Create a changeable currency conversion chart. With Crayola® Erasables, exchange rates can be easily updated!
<STRONG>What’s a Euro?</STRONG> On January 1, 1999, 12 nations in Europe began to use a new currency called the Euro. Since then, other nations have become part of the European Union. Most, but not all, member countries have adopted the Euro. Find out which countries use the Euro.
<STRONG>Identify countries.</STRONG> Choose several other countries, perhaps your own, that use a different currency. Find out the names of countries that are part of your heritage, or your classmates’ families’ heritages. If you were to travel there today, how much would the Euro be worth? Here’s one way to make an easy-to-update chart showing current exchange rates.
<STRONG>Make a chart.</STRONG> Cut a file folder with Crayola Scissors for your chart. With Crayola Twistables, draw the Euro symbol (a large yellow E made with an equal sign and 12 stars around it). Draft spokes coming out from this hub for each country that you are comparing with the Euro. On each line, fill in the country’s currency name and its flag.
<STRONG>Check exchange rates.</STRONG> With Crayola Erasable Colored Pencils, fill in today’s value of each country’s currency relative to one Euro. Once a week, check exchange rates and update your diagram simply by erasing.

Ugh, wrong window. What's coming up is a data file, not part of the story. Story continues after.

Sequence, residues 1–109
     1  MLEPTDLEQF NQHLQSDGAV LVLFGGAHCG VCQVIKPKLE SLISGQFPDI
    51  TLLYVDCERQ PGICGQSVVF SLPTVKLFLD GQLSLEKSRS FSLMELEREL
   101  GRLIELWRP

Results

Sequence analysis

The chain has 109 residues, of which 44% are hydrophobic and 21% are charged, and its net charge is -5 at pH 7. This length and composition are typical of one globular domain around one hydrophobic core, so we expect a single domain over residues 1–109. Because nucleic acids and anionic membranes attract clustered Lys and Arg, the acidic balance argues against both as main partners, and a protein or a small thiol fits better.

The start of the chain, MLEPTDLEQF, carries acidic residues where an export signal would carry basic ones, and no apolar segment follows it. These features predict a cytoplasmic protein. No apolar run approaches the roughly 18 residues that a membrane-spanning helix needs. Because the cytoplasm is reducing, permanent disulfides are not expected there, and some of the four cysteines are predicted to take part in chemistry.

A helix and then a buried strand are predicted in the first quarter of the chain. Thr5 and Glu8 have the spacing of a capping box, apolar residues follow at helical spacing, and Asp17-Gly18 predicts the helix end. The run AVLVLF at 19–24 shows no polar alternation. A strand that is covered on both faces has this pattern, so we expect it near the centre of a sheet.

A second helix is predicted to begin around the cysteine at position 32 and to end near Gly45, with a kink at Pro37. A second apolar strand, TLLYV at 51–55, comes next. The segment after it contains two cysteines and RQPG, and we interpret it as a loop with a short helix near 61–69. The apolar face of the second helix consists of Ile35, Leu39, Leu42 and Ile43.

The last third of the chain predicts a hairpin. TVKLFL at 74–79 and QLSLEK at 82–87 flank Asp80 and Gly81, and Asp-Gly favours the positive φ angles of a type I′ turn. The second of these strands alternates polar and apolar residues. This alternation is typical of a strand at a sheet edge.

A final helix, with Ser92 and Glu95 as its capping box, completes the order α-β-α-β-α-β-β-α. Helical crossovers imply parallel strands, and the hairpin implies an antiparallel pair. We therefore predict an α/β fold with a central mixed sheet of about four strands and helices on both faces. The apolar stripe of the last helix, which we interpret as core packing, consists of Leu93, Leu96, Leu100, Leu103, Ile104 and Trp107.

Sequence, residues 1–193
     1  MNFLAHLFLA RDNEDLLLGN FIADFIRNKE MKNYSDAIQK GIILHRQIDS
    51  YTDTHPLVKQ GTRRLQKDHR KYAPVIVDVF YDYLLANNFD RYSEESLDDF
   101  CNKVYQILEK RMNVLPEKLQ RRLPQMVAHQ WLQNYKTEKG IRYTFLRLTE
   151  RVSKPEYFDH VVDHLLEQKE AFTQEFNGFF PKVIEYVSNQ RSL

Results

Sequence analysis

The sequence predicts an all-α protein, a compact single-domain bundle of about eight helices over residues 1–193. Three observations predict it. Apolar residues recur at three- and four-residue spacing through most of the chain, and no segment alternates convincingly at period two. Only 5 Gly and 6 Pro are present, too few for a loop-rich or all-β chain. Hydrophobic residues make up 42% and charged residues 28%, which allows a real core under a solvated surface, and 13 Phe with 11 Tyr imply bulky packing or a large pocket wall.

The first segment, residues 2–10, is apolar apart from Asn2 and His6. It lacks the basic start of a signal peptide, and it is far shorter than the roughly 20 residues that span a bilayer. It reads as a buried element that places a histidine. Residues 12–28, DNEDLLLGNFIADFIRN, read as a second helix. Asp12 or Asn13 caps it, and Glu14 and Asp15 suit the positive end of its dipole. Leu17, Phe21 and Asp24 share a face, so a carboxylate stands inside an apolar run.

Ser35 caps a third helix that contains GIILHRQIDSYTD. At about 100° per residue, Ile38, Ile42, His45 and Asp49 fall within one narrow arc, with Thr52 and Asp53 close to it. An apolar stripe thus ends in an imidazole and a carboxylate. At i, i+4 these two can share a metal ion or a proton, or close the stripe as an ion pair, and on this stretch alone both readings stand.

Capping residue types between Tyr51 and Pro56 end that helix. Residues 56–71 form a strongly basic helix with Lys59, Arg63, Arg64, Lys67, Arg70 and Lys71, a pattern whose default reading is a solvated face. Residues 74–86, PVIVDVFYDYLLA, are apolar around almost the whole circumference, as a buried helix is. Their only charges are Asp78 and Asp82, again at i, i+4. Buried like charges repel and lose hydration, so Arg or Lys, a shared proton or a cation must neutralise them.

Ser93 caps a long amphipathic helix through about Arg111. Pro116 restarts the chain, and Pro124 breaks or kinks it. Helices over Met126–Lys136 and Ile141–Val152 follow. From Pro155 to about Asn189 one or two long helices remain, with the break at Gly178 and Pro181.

Study the complex, geometric ornamentation of Islamic art. Discover intricate, authentic Zillij designs using math and a
Your imagination gets moving when you look at the photography of Eadweard Muybridge. Create an original painting of you
Have you read Maya Angelou’s Life Doesn’t Frighten Me? What worries you? Turn your concerns over to a Worry Warrior and
How can older students make a difference in the lives of younger ones? Create and share interactive storybooks to bring
Make a very special pop-up card for a very special author.
What’s inside a lizard? Or a cat, bird, or even yourself? Imagine you have X-ray eyes. Show bright bones and opaque orga
Our crayons have been rolling off the assembly line since 1903, and you can see how it’s done.